2018 BMW i3s first drive review: sportier and nearly as efficient


BMW\’s Test Fest in Palm Springs, California, at The Thermal Club attracts a broad range of cars. The star of the show is the 600-horsepower 2018 BMW M5. But before I can test that wild sport sedan on the track, I’ll do my best to balance my carbon footprint in the new 2018 BMW i3s.

BMW has added the i3s as a sportier model to the i3 lineup for 2018. It gets sportier suspension settings, wider tires, more aggressive bodywork, and a more powerful motor that puts out 137 kilowatts (184 horsepower) and 199 pound-feet of torque versus 127 kw (170 hp) and 184 lb-ft in the standard i3.

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I’m starting off the day with an 18-mile drive to the track in the i3s. The 33-kwh battery has almost a full charge and it shows 88 miles of range when I put the drive-mode selector in Eco Pro Plus mode. I want to get a feel for the various modes on my route, so I try them all, but I have an eye toward efficiency, so I’m running in Eco Pro and Eco Pro Plus most of the way.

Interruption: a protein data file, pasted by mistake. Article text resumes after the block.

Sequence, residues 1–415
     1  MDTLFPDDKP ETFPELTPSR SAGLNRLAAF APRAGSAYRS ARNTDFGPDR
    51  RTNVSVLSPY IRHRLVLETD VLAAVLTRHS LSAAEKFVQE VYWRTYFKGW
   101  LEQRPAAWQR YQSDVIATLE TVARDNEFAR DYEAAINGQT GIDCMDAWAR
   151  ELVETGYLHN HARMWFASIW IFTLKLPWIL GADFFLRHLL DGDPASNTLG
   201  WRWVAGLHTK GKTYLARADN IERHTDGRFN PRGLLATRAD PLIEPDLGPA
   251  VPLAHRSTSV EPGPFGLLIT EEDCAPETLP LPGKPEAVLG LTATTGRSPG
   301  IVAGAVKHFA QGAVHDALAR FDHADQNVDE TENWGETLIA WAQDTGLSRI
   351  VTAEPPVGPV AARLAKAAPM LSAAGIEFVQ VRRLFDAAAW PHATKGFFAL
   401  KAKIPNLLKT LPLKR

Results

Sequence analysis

Those two modes come close to one-pedal driving, as the brake-energy regeneration kicks in pretty hard when I let off the accelerator pedal. Acceleration is dulled a bit, too, but this car is still quick off the line.

2018 BMW i3s

2018 BMW i3s

2018 BMW i3s

2018 BMW i3s

In Eco Pro Plus, the accelerator pedal has a detent that “limits” the speed to 56 mph. Tip it in farther, though, or floor it off the line, and the car gets the hint: it will go faster than 56 mph, all the way up to 100 mph, 7 mph faster than the standard i3.